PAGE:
While the numbers don't show staggering growth, it's still solid growth, which has been so elusive to social rival Twitter.

Olds noted that it's impressive for Facebook to continue to grow its user base when it's already so big.

"I was surprised Facebook was able to grow users as much as they have in the last year," he added. "It's damned hard to get much growth when you already have 1.59 billion users around the world. Still, they managed to grow, which is a big achievement, particularly when you contrast it to Twitter, which is having trouble growing its user base."

Olds credits Facebook with reaching out to younger users with Instagram, while reaching the other age groups with Facebook itself.

"It's a great mix," he said.

4. Instagram and its younger users

Instagram is the Facebook-owned mobile social network that has grabbed the younger users that have remained so elusive to Facebook itself.

Users age 25 and younger aren't as enamored by Facebook as adults, mainly because they don't want to be sharing their photos and updates with their parents, aunts and uncles.

By acquiring Instagram, Facebook has solved that issue.

"We're also very happy with the way that Instagram is growing, with more than 400 million actives and more than 200,000 businesses advertising every month," Zuckerberg said. "Now we're focused on making the user experience even more engaging. With more content on Instagram all the time, people are currently missing about 70 percent of what's in their feed."

Zuckerberg said he intends to fix that issue. "That's why in the first quarter, we started rolling out Feed Ranking to help you see more of the posts that you care about," he added. "This is a long-term effort. But News Feed shows that ranking creates the best and most engaging experiences for our community."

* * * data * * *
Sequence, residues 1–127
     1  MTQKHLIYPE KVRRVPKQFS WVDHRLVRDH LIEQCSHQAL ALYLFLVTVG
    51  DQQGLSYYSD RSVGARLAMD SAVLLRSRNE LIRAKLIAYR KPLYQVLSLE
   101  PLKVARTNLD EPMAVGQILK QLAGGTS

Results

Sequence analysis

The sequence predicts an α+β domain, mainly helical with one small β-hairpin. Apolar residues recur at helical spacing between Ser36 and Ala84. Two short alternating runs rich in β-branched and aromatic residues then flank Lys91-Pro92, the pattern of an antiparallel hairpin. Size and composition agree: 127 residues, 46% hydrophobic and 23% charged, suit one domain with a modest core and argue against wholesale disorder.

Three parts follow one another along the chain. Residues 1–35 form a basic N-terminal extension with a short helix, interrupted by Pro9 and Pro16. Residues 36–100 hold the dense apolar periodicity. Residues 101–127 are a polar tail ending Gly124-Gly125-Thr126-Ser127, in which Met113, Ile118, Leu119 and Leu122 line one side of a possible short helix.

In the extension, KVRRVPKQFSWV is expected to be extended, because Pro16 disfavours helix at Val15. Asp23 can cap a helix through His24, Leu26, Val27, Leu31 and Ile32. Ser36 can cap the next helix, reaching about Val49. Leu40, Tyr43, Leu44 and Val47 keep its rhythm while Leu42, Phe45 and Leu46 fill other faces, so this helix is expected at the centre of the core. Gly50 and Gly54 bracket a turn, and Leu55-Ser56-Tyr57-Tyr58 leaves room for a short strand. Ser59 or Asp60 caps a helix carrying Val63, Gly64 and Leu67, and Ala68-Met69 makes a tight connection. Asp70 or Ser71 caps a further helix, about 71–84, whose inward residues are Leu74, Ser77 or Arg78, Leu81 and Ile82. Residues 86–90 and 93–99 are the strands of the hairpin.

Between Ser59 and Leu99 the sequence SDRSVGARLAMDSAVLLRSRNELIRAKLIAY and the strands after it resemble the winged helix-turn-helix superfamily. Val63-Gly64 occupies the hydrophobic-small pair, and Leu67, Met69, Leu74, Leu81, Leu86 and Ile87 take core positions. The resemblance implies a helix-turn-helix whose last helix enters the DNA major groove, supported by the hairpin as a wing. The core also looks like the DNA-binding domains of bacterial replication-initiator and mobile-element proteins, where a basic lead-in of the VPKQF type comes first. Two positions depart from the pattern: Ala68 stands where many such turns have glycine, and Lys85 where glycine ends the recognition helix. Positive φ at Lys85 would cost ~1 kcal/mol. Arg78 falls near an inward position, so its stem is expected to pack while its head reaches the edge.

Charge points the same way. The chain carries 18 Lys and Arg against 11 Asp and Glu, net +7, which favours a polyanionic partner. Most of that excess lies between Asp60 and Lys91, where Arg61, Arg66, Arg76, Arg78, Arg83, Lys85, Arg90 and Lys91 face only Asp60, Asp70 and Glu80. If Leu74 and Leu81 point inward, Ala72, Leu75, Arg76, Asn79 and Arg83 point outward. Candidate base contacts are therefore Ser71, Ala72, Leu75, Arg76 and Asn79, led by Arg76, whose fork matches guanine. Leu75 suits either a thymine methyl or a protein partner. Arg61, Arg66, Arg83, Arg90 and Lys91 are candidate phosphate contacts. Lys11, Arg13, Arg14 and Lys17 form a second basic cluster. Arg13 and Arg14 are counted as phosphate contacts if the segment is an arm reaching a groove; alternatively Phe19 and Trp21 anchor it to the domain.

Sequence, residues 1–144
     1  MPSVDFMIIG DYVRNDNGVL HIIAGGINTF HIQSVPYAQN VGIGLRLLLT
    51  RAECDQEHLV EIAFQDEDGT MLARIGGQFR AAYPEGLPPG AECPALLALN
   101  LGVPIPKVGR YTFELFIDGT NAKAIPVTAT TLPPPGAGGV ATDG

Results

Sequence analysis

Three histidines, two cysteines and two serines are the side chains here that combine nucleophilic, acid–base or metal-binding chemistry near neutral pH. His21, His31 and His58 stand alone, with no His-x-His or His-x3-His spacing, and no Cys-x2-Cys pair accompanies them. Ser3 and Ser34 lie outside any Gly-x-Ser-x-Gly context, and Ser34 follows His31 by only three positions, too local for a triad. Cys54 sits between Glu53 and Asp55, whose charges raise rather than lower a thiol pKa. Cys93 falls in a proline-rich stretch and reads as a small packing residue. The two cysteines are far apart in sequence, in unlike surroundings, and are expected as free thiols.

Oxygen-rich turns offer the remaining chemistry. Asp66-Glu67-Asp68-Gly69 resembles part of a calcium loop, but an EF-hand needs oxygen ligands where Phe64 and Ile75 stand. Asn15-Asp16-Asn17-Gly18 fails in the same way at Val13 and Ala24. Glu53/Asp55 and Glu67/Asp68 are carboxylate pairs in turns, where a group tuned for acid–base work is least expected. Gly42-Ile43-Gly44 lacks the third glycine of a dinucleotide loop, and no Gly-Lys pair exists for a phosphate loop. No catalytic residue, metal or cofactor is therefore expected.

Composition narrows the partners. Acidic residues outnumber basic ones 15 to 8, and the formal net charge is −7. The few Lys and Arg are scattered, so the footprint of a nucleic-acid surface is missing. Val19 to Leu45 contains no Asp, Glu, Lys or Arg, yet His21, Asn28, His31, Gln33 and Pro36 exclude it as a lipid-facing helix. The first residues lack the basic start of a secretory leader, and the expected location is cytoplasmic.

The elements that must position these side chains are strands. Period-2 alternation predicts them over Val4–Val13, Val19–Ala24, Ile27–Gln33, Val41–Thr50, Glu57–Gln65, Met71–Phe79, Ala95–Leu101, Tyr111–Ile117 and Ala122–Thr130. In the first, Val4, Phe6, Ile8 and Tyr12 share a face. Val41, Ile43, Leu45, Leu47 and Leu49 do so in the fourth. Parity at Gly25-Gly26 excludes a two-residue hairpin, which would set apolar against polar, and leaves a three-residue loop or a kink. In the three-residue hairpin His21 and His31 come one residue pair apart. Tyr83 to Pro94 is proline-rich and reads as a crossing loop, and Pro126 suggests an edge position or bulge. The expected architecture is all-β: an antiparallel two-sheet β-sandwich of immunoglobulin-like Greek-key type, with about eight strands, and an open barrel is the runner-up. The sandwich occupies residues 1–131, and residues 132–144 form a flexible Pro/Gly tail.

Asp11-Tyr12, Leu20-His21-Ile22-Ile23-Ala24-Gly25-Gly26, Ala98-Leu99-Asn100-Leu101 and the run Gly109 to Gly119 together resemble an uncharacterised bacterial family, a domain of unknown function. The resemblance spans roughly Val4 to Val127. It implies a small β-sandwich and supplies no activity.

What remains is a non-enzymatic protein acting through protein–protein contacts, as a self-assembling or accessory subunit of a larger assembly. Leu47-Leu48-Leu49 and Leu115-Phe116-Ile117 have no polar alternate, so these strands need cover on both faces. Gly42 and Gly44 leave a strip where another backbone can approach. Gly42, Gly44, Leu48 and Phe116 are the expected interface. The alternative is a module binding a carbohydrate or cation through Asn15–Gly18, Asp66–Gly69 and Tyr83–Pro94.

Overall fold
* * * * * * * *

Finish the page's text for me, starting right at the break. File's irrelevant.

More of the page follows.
Olds said it only makes sense for Facebook to invest in keeping Instagram a popular destination.

"Instagram is hugely important to Facebook as it's the vehicle that young users are using the most," he said. "There aren't a lot of challengers to Instagram right now, but I could see Twitter mounting a challenge with Periscope and their set of apps."

5. It costs big bucks to keep Zuckerberg safe

In an amended filing with the SEC on Wednesday, Facebook reported that it spends about $5 million a year on security for Zuckerberg at work and also at his homes.

His security effort, which includes personnel along with equipment installation and maintenance, cost the company about $US12 million between 2013 and 2015.

While that might sound like a lot, it's a smart investment, said Patrick Moorhead, an analyst with Moor Insights & Strategy.

"Zuckerberg, right now, is inextricably linked to the success of Facebook," Moorhead said. "If anything were to happen to him right now, the stock would plummet in the billions of dollars. Every cent paid for his security is a good expenditure."

Kagan noted that with a recent threat from the terrorist group ISIS, it makes even more sense to focus on keeping Zuckerberg safe.

"The more powerful Facebook grows, the more of a target they are for the terror community," added Kagan. "So I expect to see them continuing to improve the security around the company and the senior executives."

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Sharon Gaudin

Computerworld (US)